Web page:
In Phil's video he did not say anything about an open stance.  It doesn't look like he was open.  Neither did Butch in the article posted by @PMookie.  I have always been told to open my stance by my instructors over the years.  I stopped doing this because most of my chips went left of the hole, down my foot line.  When I stand closer to the ball like Harmon says and treat it more like a putt, I need to be square.  Much better results.

I agree about the ball.  I switch balls from cold weather to warm weather.  It takes me a couple of practices chipping to get the feel of the different ball.  From the looks of the weather I will be using the cold weather ball for quite awhile once the snow melts.

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Kenny, a couple thing I work on:

So your clubface should point at your target. And then swing along your foot line.

Make sure to open the face then regrip if you are going to do it this way.

Opening steepens the swing, so in theory it should help with ball first contact.

At least this is how my mind sees it. I can do it all day long, but trying to explain it is like me trying to do common core math.

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I’ll post the video again. But you can absolutely not go wrong with learning from one of the best short game players of all time.

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There are a lot of GREAT tips in here, but ..... none say, "Go see your pro".... Many pros offer focused short game clinics.

That said.. I'd agree with many of the pointers in here - especially the one about Low-Point Control. And taking the hands out.

I've practiced my short game A LOT and it has paid off. That's the best advice I can offer .. practice, practice, practice, practice. Then practice some more. Hours and hundreds, if not thousands, of balls.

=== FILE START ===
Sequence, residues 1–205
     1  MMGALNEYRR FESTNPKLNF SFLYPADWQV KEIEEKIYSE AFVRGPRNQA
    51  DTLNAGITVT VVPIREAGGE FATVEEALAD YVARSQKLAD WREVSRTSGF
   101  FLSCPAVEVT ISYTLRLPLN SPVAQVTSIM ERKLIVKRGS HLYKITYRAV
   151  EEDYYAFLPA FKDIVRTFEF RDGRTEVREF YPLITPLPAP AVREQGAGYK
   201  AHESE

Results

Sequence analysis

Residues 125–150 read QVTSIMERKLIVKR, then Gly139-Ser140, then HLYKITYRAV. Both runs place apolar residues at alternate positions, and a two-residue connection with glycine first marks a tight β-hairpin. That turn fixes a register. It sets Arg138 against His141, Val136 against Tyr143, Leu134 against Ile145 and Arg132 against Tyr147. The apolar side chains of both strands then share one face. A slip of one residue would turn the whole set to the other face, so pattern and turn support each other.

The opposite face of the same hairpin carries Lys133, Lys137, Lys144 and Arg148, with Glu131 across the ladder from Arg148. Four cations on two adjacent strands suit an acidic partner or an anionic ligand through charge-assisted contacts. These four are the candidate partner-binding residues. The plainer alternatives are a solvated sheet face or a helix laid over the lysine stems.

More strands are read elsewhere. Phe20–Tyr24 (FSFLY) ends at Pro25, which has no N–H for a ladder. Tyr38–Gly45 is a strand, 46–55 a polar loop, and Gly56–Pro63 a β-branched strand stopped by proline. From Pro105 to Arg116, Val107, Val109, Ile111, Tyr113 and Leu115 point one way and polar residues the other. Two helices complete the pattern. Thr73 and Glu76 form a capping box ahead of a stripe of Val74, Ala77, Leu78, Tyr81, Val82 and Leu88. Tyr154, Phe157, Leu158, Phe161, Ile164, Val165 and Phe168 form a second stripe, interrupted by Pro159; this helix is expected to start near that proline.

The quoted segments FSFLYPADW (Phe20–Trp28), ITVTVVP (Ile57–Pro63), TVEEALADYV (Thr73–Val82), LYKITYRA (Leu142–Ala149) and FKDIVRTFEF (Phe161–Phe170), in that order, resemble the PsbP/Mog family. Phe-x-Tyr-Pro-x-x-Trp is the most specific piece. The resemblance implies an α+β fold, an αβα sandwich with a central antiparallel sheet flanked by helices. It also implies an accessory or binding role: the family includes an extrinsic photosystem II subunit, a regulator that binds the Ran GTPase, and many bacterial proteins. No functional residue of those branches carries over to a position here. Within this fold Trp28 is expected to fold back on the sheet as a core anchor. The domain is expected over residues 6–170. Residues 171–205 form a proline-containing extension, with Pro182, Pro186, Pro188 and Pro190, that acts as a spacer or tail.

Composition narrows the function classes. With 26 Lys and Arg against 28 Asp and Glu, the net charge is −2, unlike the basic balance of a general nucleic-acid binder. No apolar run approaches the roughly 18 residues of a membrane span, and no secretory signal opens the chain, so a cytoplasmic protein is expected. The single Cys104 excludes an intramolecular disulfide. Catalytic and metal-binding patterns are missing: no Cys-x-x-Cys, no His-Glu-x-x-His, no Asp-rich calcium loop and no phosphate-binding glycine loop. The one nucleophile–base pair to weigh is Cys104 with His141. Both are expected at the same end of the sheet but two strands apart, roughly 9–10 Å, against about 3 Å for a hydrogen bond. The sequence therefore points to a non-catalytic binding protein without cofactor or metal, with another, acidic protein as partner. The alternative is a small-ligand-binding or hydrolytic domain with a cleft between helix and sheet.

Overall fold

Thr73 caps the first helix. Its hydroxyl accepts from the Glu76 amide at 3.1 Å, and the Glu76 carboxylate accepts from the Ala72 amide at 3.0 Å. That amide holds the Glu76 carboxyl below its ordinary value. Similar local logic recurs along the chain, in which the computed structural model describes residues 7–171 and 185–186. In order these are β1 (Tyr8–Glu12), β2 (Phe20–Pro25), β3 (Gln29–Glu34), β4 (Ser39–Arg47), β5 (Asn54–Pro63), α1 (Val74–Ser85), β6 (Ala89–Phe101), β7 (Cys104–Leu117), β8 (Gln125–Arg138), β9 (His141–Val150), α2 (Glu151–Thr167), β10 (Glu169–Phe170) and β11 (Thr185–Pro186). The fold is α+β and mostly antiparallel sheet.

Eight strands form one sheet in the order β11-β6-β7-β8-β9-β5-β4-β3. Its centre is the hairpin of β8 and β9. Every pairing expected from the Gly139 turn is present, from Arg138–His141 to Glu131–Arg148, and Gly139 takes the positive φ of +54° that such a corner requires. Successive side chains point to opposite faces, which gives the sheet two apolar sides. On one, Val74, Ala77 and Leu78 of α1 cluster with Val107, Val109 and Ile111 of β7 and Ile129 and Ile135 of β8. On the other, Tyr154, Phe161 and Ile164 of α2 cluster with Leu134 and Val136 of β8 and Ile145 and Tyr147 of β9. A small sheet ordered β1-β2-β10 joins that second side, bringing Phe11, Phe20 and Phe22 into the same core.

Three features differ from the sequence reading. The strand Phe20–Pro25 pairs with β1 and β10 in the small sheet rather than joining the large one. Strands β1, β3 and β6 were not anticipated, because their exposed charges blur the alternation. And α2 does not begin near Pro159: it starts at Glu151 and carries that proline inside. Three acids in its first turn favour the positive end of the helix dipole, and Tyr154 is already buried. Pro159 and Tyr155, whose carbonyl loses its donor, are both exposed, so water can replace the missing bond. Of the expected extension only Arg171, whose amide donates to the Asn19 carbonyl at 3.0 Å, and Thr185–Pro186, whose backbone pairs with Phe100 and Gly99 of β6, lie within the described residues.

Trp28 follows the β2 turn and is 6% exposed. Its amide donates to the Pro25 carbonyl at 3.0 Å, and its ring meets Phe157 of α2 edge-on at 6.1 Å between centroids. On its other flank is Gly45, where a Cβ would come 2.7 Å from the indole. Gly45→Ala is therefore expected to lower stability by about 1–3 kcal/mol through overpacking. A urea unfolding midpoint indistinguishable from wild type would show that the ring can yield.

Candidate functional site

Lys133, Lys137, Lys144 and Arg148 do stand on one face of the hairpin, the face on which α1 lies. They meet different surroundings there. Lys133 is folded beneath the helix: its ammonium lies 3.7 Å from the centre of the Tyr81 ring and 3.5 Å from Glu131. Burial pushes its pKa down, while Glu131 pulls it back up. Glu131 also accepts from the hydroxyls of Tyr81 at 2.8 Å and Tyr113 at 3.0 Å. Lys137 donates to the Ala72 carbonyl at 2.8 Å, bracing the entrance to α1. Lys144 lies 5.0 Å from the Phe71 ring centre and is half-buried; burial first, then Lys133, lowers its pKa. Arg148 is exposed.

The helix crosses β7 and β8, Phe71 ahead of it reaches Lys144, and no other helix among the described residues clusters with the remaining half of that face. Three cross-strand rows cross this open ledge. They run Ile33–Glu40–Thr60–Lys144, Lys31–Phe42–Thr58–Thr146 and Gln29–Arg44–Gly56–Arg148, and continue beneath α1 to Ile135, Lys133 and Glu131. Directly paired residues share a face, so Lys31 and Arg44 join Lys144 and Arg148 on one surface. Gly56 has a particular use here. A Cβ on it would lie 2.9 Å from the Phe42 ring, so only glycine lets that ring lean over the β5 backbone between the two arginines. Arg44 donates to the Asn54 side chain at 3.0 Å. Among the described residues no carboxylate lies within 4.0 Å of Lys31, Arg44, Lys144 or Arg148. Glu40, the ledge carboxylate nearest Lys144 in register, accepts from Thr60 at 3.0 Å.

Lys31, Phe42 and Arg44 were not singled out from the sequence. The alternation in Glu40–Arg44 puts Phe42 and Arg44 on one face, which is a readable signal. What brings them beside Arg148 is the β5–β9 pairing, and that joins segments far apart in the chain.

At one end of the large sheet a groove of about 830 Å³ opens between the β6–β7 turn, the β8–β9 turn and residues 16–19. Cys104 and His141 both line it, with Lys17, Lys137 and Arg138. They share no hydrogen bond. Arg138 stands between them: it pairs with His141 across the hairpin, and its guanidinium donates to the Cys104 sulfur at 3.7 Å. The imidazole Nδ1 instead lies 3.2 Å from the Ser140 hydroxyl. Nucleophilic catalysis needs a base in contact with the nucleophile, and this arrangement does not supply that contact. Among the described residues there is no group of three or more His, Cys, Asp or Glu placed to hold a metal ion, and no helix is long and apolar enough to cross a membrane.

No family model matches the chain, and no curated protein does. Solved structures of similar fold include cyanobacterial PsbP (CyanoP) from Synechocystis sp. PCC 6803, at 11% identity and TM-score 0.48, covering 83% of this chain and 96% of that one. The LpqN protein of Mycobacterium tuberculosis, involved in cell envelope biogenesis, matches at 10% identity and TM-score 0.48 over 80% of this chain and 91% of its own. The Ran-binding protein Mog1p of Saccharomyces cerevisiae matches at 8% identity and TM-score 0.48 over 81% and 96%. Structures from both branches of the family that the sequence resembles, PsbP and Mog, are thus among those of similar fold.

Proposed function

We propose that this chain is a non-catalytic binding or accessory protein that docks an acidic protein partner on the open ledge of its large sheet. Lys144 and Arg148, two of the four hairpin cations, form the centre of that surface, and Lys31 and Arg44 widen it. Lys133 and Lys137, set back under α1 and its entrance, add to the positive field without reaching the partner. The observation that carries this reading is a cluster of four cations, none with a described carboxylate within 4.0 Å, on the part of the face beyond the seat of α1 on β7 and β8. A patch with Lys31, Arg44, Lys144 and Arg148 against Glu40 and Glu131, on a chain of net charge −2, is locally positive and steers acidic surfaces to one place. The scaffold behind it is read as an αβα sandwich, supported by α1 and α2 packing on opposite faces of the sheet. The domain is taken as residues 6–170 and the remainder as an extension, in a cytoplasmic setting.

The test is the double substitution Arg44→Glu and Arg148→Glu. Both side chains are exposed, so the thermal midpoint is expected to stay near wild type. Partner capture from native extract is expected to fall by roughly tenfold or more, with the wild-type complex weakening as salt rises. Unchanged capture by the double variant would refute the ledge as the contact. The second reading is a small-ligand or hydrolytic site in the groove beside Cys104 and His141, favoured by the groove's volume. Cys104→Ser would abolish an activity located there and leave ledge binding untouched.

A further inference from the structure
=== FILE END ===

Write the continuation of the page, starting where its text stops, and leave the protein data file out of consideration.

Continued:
Indoors works. Just focus. Hit enough balls and you will start to clearly recognize the difference between a solid "nip" vs a chunk or a thin.

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Posted (edited)

Since you struggle, and want a simple tip or trick. Then keep it simple, if you are chipping, grab either a gap wedge, or PW, stand a bit closer to the ball so the shaft is more upright, with the heel of the club slightly off the ground, and then just use a putting stroke and you control the distance the same way you do when putting. Don’t overthink it just putt it with your wedge. Very simple technique. Stance should be square just like putting. 

Edited by Kor.A.Door
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OK, why a little open?
In Phil's video he did not say anything about an open stance.  It doesn't look like he was open.  Neither did Butch in the article posted by [mention=2567]PMookie[/mention].  I have always been told to open my stance by my instructors over the years.  I stopped doing this because most of my chips went left of the hole, down my foot line.  When I stand closer to the ball like Harmon says and treat it more like a putt, I need to be square.  Much better results.